LAS VEGAS (KTNV) — The Las Vegas Strip and the Las Vegas Metropolitan Police Department are tackling two opponents at once with the recent uptick of violence seen during the pandemic.
"This has been something that has been unprecedented and something I didn't think I'd see in my lifetime," said Larry Hadfield, with the Las Vegas Metropolitan Police Department.
Hadfield says the months-long shutdown of the Strip set up a recovery process leaders are still figuring out.
"You have the hotels opening and you're drawing these crowds of folks that have been cooped up in different states," he explained.
Hadfield said tighter restrictions in California and many experts believe reduced prices at Vegas hotels have drawn a different crowd and in some cases, that includes gangs.
He says those factors have led to an uptick in crimes on the Strip.
According to LVMPD's most recent weekly crime report (ending on Oct. 10), aggravated assaults were up 5% in the city as a whole and 35% on the Strip, compared to this time last year.
Physical fights are also up 3%, with videos becoming more common on social media.
One of those fights happened on Labor Day weekend in the lobby of the Encore.
"Do we like that? Absolutely not. Do we tolerate it? No," said Todd Fasulo, VP of security at the Wynn Las Vegas.
He says that fight led to the company filing a lawsuit against 20 unknown people and a series of new security protocols. Those include a weapons and bag search at the door on weekends and additional Wynn and LVMPD officers on the floor.
"We thought that it would be important that our guests felt the minute they walk through the door that they felt they were being kept safe and secure while they enjoy the inside of the hotel," Fasulo said.
The idea is for guests to enjoy their experience, with them hopefully returning - something Las Vegas desperately needs.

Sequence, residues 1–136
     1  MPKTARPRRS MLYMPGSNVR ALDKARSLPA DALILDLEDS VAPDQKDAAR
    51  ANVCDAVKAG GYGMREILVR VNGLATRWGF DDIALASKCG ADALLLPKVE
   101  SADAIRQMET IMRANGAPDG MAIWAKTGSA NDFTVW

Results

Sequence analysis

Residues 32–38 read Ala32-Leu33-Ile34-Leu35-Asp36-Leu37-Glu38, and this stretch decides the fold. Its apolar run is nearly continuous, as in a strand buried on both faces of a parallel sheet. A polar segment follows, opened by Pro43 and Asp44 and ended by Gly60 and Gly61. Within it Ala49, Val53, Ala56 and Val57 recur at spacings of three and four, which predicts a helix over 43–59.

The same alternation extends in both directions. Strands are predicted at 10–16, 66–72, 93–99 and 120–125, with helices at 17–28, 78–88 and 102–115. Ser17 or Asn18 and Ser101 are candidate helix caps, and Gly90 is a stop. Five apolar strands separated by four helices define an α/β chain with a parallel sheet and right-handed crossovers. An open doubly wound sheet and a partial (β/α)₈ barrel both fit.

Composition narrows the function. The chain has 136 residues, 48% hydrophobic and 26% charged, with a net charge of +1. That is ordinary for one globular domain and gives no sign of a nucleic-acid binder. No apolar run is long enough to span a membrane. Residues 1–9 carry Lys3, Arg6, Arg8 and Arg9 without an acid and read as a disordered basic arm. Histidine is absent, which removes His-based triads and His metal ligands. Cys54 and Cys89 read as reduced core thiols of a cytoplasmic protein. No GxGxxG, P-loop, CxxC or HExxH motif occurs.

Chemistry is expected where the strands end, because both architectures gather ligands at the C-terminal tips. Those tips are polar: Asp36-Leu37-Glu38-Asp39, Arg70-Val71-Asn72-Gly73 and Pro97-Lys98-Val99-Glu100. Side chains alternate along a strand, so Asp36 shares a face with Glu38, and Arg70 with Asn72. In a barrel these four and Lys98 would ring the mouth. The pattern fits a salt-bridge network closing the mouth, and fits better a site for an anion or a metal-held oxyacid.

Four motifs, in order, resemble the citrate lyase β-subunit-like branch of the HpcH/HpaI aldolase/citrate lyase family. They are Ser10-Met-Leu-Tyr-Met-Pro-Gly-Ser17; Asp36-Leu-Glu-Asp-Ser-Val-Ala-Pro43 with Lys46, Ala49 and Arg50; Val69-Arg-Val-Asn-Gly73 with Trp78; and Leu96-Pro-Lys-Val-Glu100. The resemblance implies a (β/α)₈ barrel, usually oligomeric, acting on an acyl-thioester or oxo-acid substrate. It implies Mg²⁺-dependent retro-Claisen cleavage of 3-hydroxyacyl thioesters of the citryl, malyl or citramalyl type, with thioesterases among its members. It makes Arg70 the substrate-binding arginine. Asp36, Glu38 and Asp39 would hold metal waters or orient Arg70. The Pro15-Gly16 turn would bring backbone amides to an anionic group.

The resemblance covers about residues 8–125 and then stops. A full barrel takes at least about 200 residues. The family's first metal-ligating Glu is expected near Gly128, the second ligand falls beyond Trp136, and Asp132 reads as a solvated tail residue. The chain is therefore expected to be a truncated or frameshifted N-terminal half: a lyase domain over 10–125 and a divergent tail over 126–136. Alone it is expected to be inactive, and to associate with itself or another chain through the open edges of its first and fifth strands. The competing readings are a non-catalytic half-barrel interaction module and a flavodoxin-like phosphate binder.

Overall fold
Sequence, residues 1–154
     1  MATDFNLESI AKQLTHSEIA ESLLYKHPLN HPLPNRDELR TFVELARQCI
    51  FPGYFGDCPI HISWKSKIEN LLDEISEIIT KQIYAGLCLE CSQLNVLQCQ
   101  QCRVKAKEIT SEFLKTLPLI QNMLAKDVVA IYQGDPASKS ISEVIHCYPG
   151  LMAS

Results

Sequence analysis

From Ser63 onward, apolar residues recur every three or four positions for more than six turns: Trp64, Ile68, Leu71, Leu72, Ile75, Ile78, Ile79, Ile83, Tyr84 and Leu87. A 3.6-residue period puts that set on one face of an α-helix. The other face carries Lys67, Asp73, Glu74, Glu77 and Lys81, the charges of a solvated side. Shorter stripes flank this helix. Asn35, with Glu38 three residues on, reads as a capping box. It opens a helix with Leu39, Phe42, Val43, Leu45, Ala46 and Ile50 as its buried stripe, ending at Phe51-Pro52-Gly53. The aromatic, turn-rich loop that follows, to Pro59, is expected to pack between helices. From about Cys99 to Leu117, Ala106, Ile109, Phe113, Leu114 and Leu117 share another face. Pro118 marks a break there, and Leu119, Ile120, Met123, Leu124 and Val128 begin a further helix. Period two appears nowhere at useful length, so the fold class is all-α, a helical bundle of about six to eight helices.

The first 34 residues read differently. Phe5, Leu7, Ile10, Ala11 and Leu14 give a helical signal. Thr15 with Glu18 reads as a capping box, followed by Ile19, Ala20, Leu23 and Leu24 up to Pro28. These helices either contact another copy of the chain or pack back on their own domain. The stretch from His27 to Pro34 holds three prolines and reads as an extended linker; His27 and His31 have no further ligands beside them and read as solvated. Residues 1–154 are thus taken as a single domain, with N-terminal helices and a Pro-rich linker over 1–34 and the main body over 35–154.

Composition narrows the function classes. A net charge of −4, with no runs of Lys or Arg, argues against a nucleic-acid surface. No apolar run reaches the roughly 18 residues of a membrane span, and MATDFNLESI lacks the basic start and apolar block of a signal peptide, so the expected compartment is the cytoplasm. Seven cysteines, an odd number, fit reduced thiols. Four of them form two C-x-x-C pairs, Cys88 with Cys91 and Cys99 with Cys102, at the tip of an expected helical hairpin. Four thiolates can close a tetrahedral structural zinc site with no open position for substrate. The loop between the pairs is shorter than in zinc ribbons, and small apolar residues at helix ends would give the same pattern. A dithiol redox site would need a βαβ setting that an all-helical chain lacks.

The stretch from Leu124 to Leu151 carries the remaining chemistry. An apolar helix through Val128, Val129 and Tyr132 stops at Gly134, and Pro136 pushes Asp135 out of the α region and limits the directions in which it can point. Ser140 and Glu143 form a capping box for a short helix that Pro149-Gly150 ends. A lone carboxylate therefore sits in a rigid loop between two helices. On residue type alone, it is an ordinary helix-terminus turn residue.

The Wynn Resort announced Tuesday that Encore will be open four days a week because of low demand, and Fasulo said while the virus poses a more unpredictable threat to Las Vegas, resort security teams and LVMPD know how to go on the offensive.
"The LVMPD has really pulled out the stopgaps to assist the hotel industry and the presence on the Strip is like no other," Fasulo said.
That presence like no other is a tactic LVMPD calls Operation Persistent Pressure. The new endeavor has the department shifting resources to the Strip on Friday and Saturday nights - adding up to as many as 100 officers.
"We have our officers looking into those crowds, looking for the potential trouble makers out there," said Hadfield.
Last weekend, officers made 700 stops and arrested 85 people.
Hadfield stressed this is not racial profiling and said stop and frisk don't exist. To make stops, officers need to have probable cause, reasonable suspicion or make a consensual stop.
"For those who think they're getting picked on, I would say this - look at your behavior before you start picking on the police as far as 'why are they looking at me?' Look at what you're doing. And if those individuals are the ones complaining and in the fights or these types of disturbances involving shootings, then that's exactly where the police need to be. It's not for the folks out there just walking around having a good time. It's for those individuals who are out there causing a problem," said Hadfield.